- Like spy thrillers? Enjoy science fiction? Then you might want to give Zero, Volume 1: An Emergency a try.
- For this thief, it started with stealing a mask as a prank. Check out my review of Dream Thief, Volume 1. John Lincoln, unemployed, messed up, with a dysfunctional girlfriend, and now having strange dreams, is not doing well.
- The folks at Zenescope re-envision The Wizard of Oz in their Grimm Fairy Tales: Oz. Dorothy has certainly grown up, and she is kicking butt.
- I also reviewed Transformers: Dark Cybertron, Volume 1. In this volume, Shockwave brings forth his plan to bring back Nova Prime, a Cybertronian tyrant long ago exiled that many think is gone for good. It is the culmination of a 6-million year wait.
- This year is the 75th anniversary of Batman, so it is a good year to read Batman comics. Part of DC Comics’ The New 52 series, Scott Snyder gives us a new look at Batman’s origin story in Batman, Volume 4: Zero Year–Secret City.
- Fan of The X-Files? Miss the television show? IDW continues its run of the comic book adaptation in The X-Files, Season 10, Volume 2.
- Another Star Wars book. This time we have Honor Among Thieves, part of the series Empire and Rebellion.
- Scott Snyder is also writing what I consider one of the best comics series out there now. For fans of vampires who like their vampires to be scary, American Vampire is a series to check out. During the month of May 2014, I reviewed American Vampire, Volume 6.
- And finally this month, we look at a popular internet meme. You have seen Grumpy Cat on the Internet, now you can read his book: Grumpy Cat: A Grumpy Book.
I have not done one of these compilations in a while, so time to do another one. So many books out there that sound good or intriguing that I would like to read some day, and there is so little time. In the meantime, I am adding them here for future reference.
Items about books:
- Matt Taibbi has a new book out, this time looking at why the rich pretty much get away with their crimes while the Average Joes get the book thrown at them. AlterNet has a piece discussing the book as well as a profile of his work overall. The new book is The Divide: American Injustice in the Age of the Wealth Gap. Also mentioned in the article is his book The Great Derangement, which I have read; this was not an easy book to read, but it had some good moments. From the article, I gather some of his earlier work from Russia may be worth a look.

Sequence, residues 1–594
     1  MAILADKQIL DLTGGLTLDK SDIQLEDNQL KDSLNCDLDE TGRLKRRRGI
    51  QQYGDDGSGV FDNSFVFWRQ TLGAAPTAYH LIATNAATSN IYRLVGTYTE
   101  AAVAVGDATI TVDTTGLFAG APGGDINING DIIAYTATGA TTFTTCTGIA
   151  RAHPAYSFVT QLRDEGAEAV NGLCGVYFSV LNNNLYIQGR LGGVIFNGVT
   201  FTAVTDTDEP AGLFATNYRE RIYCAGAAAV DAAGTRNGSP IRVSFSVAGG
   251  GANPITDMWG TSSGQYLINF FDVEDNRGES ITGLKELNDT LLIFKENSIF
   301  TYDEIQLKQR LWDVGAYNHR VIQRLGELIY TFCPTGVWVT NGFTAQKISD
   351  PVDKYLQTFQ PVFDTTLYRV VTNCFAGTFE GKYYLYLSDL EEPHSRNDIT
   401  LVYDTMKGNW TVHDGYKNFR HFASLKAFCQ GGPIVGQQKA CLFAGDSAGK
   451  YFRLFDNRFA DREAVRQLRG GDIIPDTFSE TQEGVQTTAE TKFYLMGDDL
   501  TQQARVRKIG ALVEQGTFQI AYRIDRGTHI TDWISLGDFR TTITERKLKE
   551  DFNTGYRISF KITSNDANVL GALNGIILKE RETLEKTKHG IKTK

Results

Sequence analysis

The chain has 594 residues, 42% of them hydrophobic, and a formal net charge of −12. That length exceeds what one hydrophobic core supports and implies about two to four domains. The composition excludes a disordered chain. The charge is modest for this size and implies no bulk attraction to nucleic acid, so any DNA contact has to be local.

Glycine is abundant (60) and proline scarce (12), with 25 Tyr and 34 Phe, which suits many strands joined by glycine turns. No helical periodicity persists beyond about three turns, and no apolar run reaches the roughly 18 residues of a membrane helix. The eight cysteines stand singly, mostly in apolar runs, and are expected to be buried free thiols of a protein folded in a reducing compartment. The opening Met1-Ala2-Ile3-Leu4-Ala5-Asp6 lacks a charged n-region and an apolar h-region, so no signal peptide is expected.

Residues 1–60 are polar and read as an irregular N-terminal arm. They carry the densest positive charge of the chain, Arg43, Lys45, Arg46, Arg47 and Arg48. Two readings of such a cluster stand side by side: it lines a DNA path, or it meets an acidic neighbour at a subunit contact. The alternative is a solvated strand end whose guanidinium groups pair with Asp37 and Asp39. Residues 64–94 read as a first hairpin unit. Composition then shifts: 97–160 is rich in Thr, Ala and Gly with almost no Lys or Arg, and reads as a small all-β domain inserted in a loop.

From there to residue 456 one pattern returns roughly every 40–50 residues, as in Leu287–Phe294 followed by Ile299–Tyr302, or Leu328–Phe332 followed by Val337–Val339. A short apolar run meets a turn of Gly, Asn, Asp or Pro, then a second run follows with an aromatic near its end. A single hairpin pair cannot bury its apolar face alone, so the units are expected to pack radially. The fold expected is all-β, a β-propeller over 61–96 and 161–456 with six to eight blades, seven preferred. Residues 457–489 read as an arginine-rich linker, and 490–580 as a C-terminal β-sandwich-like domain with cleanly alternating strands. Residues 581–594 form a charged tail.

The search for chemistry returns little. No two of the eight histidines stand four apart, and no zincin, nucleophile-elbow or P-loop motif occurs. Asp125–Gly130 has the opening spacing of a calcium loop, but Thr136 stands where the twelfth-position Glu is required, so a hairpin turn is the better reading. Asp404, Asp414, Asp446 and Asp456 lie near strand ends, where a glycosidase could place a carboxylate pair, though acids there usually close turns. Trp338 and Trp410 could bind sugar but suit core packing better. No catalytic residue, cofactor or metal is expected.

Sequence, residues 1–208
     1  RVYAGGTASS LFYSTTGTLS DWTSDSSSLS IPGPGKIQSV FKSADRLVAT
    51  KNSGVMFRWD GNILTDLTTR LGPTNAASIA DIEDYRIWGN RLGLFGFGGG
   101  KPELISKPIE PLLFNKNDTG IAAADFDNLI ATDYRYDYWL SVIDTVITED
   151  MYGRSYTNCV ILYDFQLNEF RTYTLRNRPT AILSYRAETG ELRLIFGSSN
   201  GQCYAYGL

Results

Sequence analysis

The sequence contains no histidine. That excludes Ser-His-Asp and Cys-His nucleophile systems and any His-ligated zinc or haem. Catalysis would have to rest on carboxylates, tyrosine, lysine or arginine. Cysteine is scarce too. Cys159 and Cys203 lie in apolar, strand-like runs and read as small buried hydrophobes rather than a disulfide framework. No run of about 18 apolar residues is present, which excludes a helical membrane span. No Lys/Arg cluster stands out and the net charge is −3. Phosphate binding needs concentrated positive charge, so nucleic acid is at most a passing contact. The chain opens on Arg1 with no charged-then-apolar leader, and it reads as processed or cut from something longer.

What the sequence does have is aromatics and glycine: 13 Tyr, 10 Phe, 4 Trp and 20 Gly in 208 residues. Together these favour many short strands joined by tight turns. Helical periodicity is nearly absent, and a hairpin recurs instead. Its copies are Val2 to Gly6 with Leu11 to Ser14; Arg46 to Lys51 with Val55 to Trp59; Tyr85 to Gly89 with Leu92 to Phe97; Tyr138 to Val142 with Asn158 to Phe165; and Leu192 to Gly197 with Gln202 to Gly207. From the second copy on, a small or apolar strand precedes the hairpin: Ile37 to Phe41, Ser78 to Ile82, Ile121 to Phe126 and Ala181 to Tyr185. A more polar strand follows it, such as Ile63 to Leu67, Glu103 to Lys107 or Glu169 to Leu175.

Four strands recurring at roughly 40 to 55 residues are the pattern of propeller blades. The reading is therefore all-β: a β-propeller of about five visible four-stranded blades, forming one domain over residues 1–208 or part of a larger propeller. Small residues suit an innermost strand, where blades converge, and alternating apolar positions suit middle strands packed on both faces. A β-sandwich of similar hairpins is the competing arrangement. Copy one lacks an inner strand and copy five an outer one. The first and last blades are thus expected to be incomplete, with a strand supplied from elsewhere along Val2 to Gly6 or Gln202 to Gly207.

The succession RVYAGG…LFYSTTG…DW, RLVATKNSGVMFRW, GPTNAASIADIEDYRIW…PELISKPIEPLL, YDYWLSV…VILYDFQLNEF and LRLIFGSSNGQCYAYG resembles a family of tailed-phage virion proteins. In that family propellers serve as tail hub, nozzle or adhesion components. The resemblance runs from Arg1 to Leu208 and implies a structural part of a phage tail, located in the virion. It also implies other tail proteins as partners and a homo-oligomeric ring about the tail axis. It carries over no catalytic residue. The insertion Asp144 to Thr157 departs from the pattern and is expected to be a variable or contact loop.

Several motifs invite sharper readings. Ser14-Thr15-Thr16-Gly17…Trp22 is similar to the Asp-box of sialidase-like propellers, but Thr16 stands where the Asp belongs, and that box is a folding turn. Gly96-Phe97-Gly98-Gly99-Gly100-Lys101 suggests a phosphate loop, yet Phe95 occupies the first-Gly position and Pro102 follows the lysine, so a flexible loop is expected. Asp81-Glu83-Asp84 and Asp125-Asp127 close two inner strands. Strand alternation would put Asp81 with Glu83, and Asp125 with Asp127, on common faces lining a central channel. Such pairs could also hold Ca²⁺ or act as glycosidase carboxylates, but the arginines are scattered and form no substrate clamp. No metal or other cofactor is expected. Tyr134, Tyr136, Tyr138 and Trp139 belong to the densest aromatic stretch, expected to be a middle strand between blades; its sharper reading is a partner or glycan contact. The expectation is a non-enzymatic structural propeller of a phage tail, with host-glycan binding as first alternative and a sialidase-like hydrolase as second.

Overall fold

- Another reading tip via AlterNet, but on a different topic: the death of the American mall. This is certainly not news; the recent recession has likely accelerated the decay process. The book in question this time is Call of the Mall: The Geography of Shopping.
- I always enjoy books of trivia and curious statistics. I find them an easy way to learn a lot about different things. So, a book of odd and curious sex statistics definitely sounds good. Via Nerve.com, which highlights some sexual statistics from the book, the book in question is Book of Odds, From Lightning Strikes to Love at First Sight, The Odds of Everyday Life.
- Stephen Jones writes in his introduction to A Book of Horrors that “the time has come to reclaim the horror genre for those who understand and appreciate the worth and impact of a scary story.” To which I say, amen. As he further points out, “these days bloodsuckers are more likely to show their romantic nature, werewolves work for covert government organizations, phantoms are private investigators, and the walking dead can be found sipping tea amongst the polite society of a Jane Austin novel.” If that is your thing, go read that stuff. Hey, I am a librarian; I won’t judge you (publicly at least). Heck, I will even help you find some of those tea sipping zombies if that is your thing. But for those of us who like horror to actually scare us, this book may be just what is needed. It is reviewed at Bookgasm here.
- Owl Tell You About It reviews an older classic, Venus in Furs.
- Via Contemporary Japanese Literature, a review of Thermae Romae, manga about “about Lucius Modestus, a Roman architect living in the first half of the second century who specializes in designing baths and balnea, or bath houses.”
- Harry Houdini was not just a escape artists. He also spent a lot of time exposing fakes and con men. Now, there is a book collecting some of his early writings on that topic. The book is The Right Way to Do Wrong, and it is reviewed at Guys Lit Wire here.
- My Bookish Ways interviews Mark Teppo, the author of Earth Thirst, which is briefly described as “an eco-thriller with vampires.“